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Rabbit Fever Tularemia

When I first heard the term “rabbit fever” my inclination was to dig up my animal science notes and logbooks from my college days. As an owner of a pair of frisky little fur balls, I want to make sure I do everything that’s in my power to keep them safe from disease and discomfort.

Imagine my consternation when I opened up my Merck Manual and perused the index only to find that rabbit fever is something that affects humans. So named for the creatures that carry the infection, rabbit fever is caused by gram-negative bacterium called Francisella tularensis. The real name for this condition is Tularemia.

There are 4 different forms of Tularemia:

1) Ulceroglandular

2) Occuloglandular

3) Glandular and

4) Typhoidal.

Each of these four forms are infections specifically targeted to a particular part or parts, of the body. Ulceroglandular forms of Tularemia present as large, open sores or ulcers on the hand and fingers. Additionally, the lymph nodes on the infected side of the body become filled. Occularglandular Tularemia affects the eyes, making them moist and sticky. Conjunctivitis, also known as pink eye, is the result of the infection. Infection spreads when a person fails to wash their hands thoroughly and then touches the face. Like Ulceroglandular Tularemia, Glandular Tularemia causes the lymph nodes on one side of the body to swell; the main difference between Ulceroglandular and glandular is that there are no open sores or blisters that occur with glandular tularemia. The fourth and most uncomfortable type of tularemia is called the Typhoid type. High fever, generalized pain, exhaustion and abdominal pain are the most commonly reported symptoms of Typhoid tularemia.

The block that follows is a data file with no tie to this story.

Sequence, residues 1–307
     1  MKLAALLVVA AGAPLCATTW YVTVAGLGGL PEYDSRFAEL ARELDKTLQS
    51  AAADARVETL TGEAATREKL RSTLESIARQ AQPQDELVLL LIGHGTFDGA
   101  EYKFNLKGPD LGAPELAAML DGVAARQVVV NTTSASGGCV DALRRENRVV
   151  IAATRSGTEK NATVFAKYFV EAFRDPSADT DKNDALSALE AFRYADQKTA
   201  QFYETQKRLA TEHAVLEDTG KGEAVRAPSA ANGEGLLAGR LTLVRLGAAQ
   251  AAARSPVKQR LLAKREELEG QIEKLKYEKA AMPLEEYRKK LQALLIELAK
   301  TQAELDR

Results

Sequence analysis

Symptoms

Tularemia (rabbit fever) is most often the result of a hunter coming into contact with the broken skin of the animal he has hunted. This potent gram-negative bacteria is common in wildlife. Symptoms of infection begin almost immediately. The first symptom is usually a high fever of 104 degrees, accompanied by vomiting, aches, chills and extreme exhaustion.

The second sign of infection is a blister that appears at the site of where the bacterium entered the body. Lymph nodes begin to swell and the blister (or blisters for there may be several) fill with pus then opens, turning the site into a disgusting, oozing wound. Once the body has been triggered to produce pus to fight infection, the lungs may also fill with fluid resulting in pneumonia. Occasionally the pneumonia is evidenced only by a dry cough. A bigger infection accompanied by sweats, chills and high fever can bring about delirium.

Treatment

In order to treat rabbit fever, a seven to fourteen day course of injectable antibiotics may be prescribed. Bandages are used to cover the pus as it leaks from the blisters. Since the bacterium can work its way through in-tact skin, frequently changing the bandages helps keep the infection from spreading.

Survival

Tularemia is a very serious condition and medical attention should be sought out immediately if you suspect you have an infection. Tularemia is very treatable and can be cured easily. Those who go without treatment end up dying.